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I have two MySQL databases with identical table structure, each populated with several thousand records. I need to merge the two into a single database but I can't import one into the other because of duplicate IDs. It's a relational database with many linked tables (fields point to other table record IDs).

Edit: The goal is to have data from both databases in one final database, without overwriting data, and updating foreign keys to match with new record IDs.

I'm not sure how to go about merging the two databases. I could write a script I suppose, but there's many tables and it would take a while to do. I wondered if anyone else had encountered this problem, and the best way to go about it?

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Just ignore the duplicates. The first time the key is inserted, it'll be inserted. The second time it will be ignored.

INSERT IGNORE INTO myTable (SELECT * FROM myOtherTable );

See the full INSERT syntax here.

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Are the duplicate IDs supposed to correspond to each other? You could create a new table with an auto increment field and save the existing keys as two columns.

That would just be a 'bulk copy' though. If there is some underlying relationship then that would dictate how to combine the data.

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I need to keep the existing database structure as a lot of code relies on IDs being in the right place. The two databases don't correspond to each other, they're just separate projects that need to be in the same database. – Tak Jun 22 '11 at 19:04
    
Are we talking tables or databases here? – ethrbunny Jun 22 '11 at 19:06
    
Two databases with many tables – Tak Jun 22 '11 at 19:24
    
Can you rename the tables in the combined db? If so, you could use 'select ... into OUTFILE( file )' and then import that. Probably could do the same with mysqldump though I can't recall the params off the top of my head. – ethrbunny Jun 22 '11 at 19:26

If you have two tables A1 and A2 and you want to merge this to AA you can do this:

INSERT INTO aa SELECT * FROM A1;
INSERT INTO aa SELECT * FROM A2 ON DUPLICATE KEY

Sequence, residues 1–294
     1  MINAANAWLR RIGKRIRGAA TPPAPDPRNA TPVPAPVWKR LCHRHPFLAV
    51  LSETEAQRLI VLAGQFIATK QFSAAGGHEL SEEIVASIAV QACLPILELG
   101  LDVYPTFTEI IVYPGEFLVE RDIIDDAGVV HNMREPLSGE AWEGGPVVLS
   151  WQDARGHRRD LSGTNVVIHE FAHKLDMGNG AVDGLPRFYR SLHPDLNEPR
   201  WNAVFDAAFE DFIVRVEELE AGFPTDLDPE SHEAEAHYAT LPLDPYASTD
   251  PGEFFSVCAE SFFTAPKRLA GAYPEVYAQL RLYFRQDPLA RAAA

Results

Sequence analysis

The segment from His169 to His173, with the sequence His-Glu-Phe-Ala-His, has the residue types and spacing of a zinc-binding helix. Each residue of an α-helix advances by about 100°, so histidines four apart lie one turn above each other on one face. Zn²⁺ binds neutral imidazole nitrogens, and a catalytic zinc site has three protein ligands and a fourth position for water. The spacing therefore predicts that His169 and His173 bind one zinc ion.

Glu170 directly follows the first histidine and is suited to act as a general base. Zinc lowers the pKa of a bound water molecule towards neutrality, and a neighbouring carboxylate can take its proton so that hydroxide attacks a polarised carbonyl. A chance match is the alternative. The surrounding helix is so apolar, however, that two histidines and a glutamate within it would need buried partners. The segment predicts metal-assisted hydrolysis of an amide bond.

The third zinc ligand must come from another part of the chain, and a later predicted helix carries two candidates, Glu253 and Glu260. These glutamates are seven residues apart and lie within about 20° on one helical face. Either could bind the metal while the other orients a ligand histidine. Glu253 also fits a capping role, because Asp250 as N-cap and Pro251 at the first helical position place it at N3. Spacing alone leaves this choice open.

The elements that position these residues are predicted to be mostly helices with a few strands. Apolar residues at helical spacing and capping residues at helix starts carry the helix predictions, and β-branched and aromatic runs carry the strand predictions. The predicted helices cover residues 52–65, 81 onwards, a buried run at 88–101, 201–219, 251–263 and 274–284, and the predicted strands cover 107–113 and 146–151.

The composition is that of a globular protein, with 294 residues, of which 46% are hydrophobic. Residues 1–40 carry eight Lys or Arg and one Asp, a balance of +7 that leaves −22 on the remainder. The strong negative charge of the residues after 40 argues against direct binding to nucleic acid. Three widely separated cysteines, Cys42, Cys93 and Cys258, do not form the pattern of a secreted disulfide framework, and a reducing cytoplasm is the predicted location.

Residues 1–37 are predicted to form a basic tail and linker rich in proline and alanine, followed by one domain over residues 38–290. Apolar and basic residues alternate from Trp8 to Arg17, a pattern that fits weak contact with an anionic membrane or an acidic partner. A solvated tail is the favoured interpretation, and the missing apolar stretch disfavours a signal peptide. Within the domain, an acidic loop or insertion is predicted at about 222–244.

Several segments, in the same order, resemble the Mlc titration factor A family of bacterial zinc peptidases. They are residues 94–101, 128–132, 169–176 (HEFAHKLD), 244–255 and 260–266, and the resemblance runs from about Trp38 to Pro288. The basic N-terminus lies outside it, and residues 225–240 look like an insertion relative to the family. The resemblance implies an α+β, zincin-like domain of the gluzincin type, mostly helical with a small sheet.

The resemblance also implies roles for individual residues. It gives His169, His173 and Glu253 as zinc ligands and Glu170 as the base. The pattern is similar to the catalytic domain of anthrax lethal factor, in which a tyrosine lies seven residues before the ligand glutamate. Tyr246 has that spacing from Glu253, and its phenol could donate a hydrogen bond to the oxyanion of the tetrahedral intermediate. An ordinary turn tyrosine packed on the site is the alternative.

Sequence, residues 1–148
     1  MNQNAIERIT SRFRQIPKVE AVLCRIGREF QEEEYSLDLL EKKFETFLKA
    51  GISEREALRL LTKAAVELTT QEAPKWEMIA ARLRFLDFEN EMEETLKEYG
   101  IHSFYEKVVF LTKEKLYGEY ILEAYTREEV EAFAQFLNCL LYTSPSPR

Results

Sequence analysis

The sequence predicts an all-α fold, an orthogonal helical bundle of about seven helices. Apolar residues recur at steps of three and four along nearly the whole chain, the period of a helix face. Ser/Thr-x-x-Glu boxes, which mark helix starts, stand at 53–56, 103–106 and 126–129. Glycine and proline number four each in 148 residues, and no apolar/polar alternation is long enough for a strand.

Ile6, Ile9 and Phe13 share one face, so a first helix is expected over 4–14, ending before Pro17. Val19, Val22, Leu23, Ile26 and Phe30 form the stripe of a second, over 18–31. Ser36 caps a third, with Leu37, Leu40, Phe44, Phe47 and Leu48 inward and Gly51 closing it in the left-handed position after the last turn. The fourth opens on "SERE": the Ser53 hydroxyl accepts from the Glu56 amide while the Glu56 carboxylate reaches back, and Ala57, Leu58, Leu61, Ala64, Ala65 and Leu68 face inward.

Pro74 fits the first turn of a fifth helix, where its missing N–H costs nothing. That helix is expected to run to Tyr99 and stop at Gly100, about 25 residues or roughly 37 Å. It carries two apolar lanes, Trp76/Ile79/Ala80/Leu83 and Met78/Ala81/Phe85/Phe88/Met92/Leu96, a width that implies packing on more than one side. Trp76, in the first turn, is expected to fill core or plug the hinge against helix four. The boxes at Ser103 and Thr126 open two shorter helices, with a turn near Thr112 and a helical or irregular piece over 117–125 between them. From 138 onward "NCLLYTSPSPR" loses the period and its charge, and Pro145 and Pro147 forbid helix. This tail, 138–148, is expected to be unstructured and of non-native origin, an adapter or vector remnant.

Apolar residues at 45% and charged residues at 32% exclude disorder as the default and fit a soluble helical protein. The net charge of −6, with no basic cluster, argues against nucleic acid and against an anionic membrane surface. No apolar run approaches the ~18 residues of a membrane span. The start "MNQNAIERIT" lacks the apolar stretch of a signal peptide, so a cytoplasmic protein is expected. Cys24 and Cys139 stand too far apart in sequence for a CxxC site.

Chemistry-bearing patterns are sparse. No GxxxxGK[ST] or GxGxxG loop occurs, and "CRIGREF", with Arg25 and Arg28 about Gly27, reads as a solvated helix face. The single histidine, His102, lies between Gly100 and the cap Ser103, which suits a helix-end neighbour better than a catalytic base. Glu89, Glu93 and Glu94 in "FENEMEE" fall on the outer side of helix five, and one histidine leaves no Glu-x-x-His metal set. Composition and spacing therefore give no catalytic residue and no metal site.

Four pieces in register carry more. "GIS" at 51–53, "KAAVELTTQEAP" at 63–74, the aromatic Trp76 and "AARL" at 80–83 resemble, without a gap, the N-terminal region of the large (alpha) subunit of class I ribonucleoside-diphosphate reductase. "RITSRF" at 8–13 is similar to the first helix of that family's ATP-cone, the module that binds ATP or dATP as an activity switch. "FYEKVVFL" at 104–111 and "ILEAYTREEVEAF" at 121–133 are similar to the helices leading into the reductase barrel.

UPDATE aa.nonkeyfield1 = a1.nonkeyfield1,
         aa.nonkeyfield2 = a1.nonkeyfield2, ....;

This will overwrite fields with duplicate keys with A2 data.

A slightly slower method with simpler syntax is:

INSERT INTO aa SELECT * FROM A1;
REPLACE INTO aa SELECT * FROM A2;

This will do the same thing, but will not update duplicate rows, but instead delete the row from A1 first and then reinsert the data from A2.

If you want to merge a whole database with foreign keys, this will not work, because it will break the links between tables.

If you have a whole database and you do not want to overwrite data
I'd import the first database as normal into database A.
import the second database into a database B.
Set all foreign keys as on update cascade. Double check this.

Now run the following statement on all tables on database B.

 SELECT @increment:= MAX(pk) FROM A.table1;
 UPDATE B.table1 SET pk = pk + @increment WHERE pk IS NOT NULL 
   ORDER BY pk DESC;

(The where clause is to stop MySQL from giving an error in strict mode)

If you write a script with those two lines per table in your database you can then insert all tables into database AA, remember to disable foreign key checks during the update with

SET foreign_key_checks = 0;
... do lots of inserts ...
SET foreign_key_checks = 1;

Good luck.

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Thanks. Unfortunately I do have foreign keys, and I don't want to overwrite data. I've updated the question to clarify a bit – Tak Jun 22 '11 at 19:27
    
@Tak, updated the answer. – Johan Jun 22 '11 at 20:01
up vote 0 down vote accepted

The trick was to increment the IDs in one database by 1000 (or something won't overlap data in the target database), then import it.

Thanks for everyone's answers.

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